The Health Workers Rank-and-File Committee and the Committee for Public Education are holding a joint online public meeting on Sunday, November 20 at 3 p.m. (AEDT).
Titled, “Unite educators and health workers: Oppose the ending of COVID protection measures! Lives before profit!” the meeting will outline a political perspective, including the building of rank-and-file committees, to unify health workers, educators and other sections of workers. Register now: https://bit.ly/3CRCuOh
The Western Australian (WA) state Labor government has applied to the industrial courts to stop the ongoing action of public nurses and midwives in the Australian Nurses Federation (ANF) over a new enterprise bargaining agreement (EBA). Nurses voted last week to reject the governments’ offer for a second time.
The offer would see a three percent pay rise, well below the current 7.3 percent official inflation rate and a nurse-to-patient ratios model that would be implemented in two years. WA also reported that the draft agreement contained the clause that gave employers a way out of implementing the ratios, stating that that the parties acknowledged “current national and global workforce pressures and the impacts this may have on the employer’s ability to implement the WA ratio model.”
The move by the McGowan government to apply to the Industrial Relations Commission highlights its commitment to implementing an austerity agenda, in line with the budget handed down by the Albanese Labor federal government in October, which revealed that payments to the states and territories for public hospitals are expected to decrease by more than $755 million this financial year and $2.4 billion over four years.
The WA Industrial Relations Commission (IRC), like its federal counterpart, the Fair Work Commission, is a pro-business tribunal that has repeatedly upheld attacks on workers’ pay and conditions. These decisions have been systematically enforced over decades by the trade unions, who have mounted no opposition to real-wage cuts and assaults on conditions imposed.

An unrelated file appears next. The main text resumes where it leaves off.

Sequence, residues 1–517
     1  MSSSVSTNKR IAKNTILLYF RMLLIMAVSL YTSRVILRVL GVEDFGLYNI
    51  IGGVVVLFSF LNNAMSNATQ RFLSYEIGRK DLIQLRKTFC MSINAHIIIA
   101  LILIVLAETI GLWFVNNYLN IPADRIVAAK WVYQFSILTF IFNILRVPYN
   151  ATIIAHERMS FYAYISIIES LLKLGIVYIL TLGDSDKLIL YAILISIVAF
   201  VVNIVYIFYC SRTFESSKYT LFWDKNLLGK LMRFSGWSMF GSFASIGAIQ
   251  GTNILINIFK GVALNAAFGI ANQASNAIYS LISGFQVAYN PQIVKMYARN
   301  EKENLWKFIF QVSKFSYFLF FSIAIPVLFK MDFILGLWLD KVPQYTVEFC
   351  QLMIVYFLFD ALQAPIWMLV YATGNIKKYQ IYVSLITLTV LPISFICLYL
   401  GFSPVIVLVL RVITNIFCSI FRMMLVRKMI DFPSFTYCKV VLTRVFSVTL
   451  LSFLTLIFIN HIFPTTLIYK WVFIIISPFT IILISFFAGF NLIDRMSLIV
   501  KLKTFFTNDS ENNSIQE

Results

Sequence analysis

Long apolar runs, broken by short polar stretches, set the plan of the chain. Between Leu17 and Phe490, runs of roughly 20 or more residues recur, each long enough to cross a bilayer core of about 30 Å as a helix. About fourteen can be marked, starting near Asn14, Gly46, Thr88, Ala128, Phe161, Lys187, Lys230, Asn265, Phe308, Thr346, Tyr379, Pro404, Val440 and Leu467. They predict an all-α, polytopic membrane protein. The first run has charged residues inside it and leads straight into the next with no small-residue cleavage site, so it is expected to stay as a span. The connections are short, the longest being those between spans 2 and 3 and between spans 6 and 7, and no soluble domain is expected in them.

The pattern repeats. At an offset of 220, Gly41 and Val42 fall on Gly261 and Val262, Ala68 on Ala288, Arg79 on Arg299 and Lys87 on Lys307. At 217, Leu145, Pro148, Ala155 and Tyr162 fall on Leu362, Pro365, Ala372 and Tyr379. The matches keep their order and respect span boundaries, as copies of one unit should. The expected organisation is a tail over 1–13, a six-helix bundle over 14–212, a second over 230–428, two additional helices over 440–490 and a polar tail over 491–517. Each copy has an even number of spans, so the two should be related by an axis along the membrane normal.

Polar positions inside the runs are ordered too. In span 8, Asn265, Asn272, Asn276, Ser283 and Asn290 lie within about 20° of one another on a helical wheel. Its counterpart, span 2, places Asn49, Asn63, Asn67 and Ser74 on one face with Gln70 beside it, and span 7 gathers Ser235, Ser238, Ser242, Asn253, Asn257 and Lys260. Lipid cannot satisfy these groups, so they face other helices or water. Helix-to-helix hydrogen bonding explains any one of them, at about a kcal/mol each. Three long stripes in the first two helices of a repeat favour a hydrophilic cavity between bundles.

Nurses will commence rolling stoppages next week, following four weeks of limited work bans on overtime and double shifts, as part of a planned seven weeks of escalating industrial action in response to the government’s offer.
Whilst nurses are demanding a 10 percent pay increase, as well as the introduction of legislated nurse-to-patient ratios, the union has signalled its willingness to stitch up an agreement with the McGowen government that slashes workers’ wages and conditions.
The former ANF secretary Mark Olson, who retired in May this year to take up a newly established CEO position in the union, has said he felt the deal was about 80 to 90 percent complete without meeting the nurses’ pay claim, but that the government needed to make ratios enforceable immediately.
Olson told the Sunday Times, in October, “I don’t think any of our members expect the government to agree to a 10 percent wage increase,” and that the demand was, “A measure of the frustration and anger of nurses.”
His comments express the contempt of the entire trade union bureaucracy for its rank-and-file members. Similarly, at a stopwork meeting of NSW nurses in June, the then-general secretary of the NSW Nurses and Midwives’ Association, Brett Holmes, opposed a motion from the floor for nurses to demand an annual pay rise of seven percent, declaring, “Feel free to roll me [i.e., vote against him], I’m in a much better financial position at my end of my career than you are.”
The WA public health system is in crisis. Last week, the West Australian reported that the state had already reached its worst annual ambulance ramping figures on record, in just ten months. The state’s public hospitals have the lowest number of beds per capita in the country.